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Quantitative genetics and developmental psychopathology: Contributions to understanding normal development

Published online by Cambridge University Press:  31 October 2008

Richard D. Rende
Affiliation:
Center for Developmental and Health Genetics, College of Health and Human Development, The Pennsylvania State University, University Park
Robert Plomin
Affiliation:
Center for Developmental and Health Genetics, College of Health and Human Development, The Pennsylvania State University, University Park

Abstract

This article reviews ways in which quantitative genetic approaches to developmental psychopathology can elucidate normal development. A few examples from genetics are discussed to highlight how investigations of abnormal functioning can inform the study of normal functioning. Two topics that provide bridges between the normal and abnormal are presented in greater detail. Most important is a new quantitative genetic technique that assesses empirically genetic and environmental links between the normal and abnormal. A second topic involves quantitative genetic approaches to environmental analyses, as highlighted by the examination of nonshared environmental factors. Such examinations of the environment are essential in studies of psychopathology, and their application to abnormal development can elucidate processes of normal development. We believe that forging links between the normal and abnormal is the core task of developmental psychopathology and that quantitative genetics is not only compatible with this goal, but essential to it.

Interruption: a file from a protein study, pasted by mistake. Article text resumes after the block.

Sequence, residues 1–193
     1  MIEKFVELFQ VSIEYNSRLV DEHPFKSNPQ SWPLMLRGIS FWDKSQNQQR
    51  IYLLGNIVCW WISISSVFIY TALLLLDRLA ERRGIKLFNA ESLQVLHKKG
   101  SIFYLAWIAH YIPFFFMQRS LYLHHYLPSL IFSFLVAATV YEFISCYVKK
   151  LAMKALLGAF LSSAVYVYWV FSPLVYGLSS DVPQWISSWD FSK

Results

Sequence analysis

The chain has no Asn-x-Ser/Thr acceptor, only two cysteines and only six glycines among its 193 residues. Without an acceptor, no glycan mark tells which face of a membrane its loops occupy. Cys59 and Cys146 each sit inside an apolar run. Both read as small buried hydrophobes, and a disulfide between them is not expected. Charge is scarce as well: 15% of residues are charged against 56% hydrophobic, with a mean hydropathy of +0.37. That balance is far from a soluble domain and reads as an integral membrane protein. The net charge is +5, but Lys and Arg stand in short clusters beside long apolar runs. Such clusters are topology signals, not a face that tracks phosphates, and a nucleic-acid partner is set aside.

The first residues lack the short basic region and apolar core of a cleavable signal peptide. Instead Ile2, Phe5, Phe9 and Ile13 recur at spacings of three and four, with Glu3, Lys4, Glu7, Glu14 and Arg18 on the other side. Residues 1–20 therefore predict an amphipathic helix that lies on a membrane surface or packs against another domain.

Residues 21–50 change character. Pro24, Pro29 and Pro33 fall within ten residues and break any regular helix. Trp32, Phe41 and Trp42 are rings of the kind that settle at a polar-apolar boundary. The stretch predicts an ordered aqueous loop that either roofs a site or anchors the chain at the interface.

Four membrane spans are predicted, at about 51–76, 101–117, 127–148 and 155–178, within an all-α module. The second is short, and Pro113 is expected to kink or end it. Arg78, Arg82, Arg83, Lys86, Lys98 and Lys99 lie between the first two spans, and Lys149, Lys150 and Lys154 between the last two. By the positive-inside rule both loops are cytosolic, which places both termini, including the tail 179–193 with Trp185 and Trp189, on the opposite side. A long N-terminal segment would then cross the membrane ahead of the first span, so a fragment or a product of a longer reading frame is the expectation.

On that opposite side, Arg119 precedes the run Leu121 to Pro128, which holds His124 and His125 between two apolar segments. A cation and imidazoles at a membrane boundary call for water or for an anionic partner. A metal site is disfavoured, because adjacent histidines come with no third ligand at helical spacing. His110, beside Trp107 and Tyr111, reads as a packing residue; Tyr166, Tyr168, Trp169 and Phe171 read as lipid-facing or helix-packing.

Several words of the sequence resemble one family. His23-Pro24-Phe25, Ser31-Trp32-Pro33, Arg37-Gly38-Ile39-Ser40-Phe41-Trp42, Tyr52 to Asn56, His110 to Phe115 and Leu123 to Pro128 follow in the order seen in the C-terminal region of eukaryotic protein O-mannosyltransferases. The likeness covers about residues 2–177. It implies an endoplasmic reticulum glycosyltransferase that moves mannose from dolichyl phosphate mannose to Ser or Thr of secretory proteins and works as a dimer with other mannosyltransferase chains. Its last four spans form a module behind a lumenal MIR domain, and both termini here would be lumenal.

Type
Research Article
Copyright
Copyright © Cambridge University Press 1990

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